In my personal experience, I’ve found that parties with photo booths are more fun than parties without photo booths. But if you’re hosting a big event or wedding, you’ll know that actually renting a company to come set up a booth can get really expensive.
But why pay someone to come set up a booth and run it for you when you can just put a really great one together yourself? Here’s how to do it.
- A Raspberry Pi 3, or an older Raspberry Pi with a Wi-Fi adapter.
- A monitor with HDMI-in, to be the screen of the photo booth.
- A DLSR or other camera that can connect to the Pi over USB, along with whatever weird cable your camera needs to do it.
- A mouse and keyboard, which you’ll need to get things set up on the Pi.
- A tripod, ideally one that’s taller than your screen so that you don’t block the camera.
- Patience for messing around with network settings.
Putting it together
There’s basically two parts to this project. The easy part is connecting everything, and the slightly harder part is software. Fortunately, there’s a wealth of various photo booth solutions for a Raspberry Pi out there online already. I used one from developer Phillip Trenz that had a useful local Wi-Fi feature for downloading photos, but there’s plenty of other options out there.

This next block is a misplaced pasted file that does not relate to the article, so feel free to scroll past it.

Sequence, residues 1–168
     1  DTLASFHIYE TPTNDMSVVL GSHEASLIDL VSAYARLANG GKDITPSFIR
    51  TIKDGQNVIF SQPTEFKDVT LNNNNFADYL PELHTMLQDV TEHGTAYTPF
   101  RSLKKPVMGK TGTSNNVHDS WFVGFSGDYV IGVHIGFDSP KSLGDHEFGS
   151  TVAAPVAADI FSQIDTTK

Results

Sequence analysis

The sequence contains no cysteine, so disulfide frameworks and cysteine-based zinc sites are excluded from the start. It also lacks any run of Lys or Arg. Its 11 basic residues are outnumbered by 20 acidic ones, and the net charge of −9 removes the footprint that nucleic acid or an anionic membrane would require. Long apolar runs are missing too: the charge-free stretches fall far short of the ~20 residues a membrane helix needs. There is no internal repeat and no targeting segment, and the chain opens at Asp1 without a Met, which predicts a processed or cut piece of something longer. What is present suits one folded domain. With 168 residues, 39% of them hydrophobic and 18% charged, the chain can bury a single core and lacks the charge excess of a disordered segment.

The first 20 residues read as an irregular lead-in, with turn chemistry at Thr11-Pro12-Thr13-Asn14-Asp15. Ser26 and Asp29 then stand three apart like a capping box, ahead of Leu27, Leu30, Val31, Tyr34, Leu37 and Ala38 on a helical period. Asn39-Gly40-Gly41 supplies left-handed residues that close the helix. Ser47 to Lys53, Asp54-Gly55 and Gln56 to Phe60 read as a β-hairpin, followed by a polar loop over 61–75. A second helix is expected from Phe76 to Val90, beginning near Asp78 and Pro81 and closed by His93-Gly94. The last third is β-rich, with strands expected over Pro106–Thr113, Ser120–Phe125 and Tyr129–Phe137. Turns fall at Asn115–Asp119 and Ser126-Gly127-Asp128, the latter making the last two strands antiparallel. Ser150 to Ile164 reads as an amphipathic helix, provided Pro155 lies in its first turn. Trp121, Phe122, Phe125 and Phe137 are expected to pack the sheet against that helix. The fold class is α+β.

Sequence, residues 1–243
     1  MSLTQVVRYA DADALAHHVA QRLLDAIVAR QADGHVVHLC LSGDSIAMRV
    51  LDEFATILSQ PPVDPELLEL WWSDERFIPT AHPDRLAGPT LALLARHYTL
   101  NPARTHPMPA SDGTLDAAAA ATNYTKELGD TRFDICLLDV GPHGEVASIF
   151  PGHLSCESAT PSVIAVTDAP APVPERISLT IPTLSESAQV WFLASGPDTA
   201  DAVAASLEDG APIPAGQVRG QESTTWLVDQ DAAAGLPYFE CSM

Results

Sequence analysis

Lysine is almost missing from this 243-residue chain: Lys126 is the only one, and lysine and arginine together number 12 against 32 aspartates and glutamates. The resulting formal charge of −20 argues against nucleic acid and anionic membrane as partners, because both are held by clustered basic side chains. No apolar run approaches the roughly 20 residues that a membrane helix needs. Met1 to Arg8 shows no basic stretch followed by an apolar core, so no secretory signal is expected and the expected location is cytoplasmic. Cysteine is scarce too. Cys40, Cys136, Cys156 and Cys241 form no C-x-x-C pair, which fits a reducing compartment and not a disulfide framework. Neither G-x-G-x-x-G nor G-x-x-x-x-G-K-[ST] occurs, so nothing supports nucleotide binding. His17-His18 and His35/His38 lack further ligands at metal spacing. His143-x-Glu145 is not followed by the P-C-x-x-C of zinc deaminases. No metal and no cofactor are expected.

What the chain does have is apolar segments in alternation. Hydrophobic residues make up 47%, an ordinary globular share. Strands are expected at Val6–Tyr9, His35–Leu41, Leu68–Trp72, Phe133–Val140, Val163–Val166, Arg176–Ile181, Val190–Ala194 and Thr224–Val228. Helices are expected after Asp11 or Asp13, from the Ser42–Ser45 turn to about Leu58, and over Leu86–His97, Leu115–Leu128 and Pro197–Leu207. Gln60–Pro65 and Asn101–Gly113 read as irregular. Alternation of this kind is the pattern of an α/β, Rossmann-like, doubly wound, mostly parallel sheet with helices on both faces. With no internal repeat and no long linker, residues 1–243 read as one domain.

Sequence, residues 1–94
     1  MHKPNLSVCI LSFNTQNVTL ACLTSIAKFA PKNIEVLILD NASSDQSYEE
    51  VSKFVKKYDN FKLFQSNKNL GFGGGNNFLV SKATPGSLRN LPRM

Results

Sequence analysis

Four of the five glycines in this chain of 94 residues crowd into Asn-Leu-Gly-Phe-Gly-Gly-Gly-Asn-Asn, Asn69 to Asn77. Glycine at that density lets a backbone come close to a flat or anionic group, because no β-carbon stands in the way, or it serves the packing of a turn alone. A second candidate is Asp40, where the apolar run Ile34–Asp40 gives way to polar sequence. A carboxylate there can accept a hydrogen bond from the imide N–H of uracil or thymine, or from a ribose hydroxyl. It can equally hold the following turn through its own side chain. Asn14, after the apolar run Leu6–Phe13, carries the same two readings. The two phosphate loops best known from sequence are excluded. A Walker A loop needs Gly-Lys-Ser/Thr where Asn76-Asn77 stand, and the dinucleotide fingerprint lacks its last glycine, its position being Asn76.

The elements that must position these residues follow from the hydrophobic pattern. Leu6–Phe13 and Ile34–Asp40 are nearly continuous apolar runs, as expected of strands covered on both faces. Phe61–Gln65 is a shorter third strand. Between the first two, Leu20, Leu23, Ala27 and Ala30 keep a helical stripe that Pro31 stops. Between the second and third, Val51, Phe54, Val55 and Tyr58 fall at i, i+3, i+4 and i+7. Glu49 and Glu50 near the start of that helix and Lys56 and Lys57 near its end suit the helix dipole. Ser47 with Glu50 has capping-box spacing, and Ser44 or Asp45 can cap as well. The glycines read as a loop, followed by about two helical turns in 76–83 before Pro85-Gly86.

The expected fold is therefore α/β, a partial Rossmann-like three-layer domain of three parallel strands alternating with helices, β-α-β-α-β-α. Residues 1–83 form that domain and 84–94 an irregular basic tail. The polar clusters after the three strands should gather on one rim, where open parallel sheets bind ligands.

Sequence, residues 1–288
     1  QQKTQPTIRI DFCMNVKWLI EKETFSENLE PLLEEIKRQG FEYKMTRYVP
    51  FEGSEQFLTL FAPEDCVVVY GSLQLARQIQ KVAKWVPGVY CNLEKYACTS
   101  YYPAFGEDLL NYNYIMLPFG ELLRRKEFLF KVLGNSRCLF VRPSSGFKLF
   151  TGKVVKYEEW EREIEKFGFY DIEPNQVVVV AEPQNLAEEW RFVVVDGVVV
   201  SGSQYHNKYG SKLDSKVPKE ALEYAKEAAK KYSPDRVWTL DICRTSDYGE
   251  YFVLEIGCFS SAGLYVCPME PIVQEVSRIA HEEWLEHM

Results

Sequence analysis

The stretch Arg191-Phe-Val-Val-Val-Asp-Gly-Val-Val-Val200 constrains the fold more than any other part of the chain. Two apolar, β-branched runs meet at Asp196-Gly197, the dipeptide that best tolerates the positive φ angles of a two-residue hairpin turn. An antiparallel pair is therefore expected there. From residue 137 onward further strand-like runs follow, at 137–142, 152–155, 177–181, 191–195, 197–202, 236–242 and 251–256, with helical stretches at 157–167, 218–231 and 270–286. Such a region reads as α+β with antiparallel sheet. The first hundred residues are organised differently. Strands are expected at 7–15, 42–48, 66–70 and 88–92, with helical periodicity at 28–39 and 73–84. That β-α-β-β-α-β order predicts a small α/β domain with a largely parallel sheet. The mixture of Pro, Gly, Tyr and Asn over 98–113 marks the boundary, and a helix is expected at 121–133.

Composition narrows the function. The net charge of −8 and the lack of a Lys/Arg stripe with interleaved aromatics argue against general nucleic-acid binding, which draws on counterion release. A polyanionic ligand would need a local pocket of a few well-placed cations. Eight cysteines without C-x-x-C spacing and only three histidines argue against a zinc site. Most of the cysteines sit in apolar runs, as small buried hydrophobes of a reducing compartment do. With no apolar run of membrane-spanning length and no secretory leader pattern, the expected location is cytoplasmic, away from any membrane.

To install it, follow Trenz’s instructions from the Github page for the project. Essentially, what you’re doing here is installing the various pieces of software the program needs to run — including gphoto2, which is a super comprehensive piece of open-source image capture software that works with almost every camera ever made. Then, install the app itself, and you’re good to go.
A few tips from putting this together along the way: once you connect the camera, you need to eject it from the local filesystem, since it can’t be mounted as a folder and used as a camera at the same time. Similarly, I’d recommend setting the camera to shoot in JPEG — not RAW — if you’re using a DSLR. This is because the Pi has trouble handling the larger images.
There’s also a config.json file where you can edit some settings, like whether or not the app will run in fullscreen or if you want the camera to save pictures or simply store them directly on the Pi.
As a final piece of the project, Trenz’s app does also include a local webapp for viewing and displaying pictures. The trick here, though is to get the Pi to broadcast a local Wi-Fi network, which is kind of complicated. This guide from developer Phil Martin over at Frillip is a good place to start — when you get everything setup correctly, you’ll have a local network. Then, you’ll just need an IP address to share with guests for access to the photos. If you’re really clever, you can use DNS mapping to make an actual simple address for your local network, like photo.booth, to make it easier to get to.
You’ll note that we mostly just left our tripod and screen out, but if you’re holding a formal event, feel free to dress up the scene as much as you’d like with a cardboard frame or drop cloth to cover up some of the more technical aspects.
Oh, and don’t forget props. What’s a photo booth without some silly hats?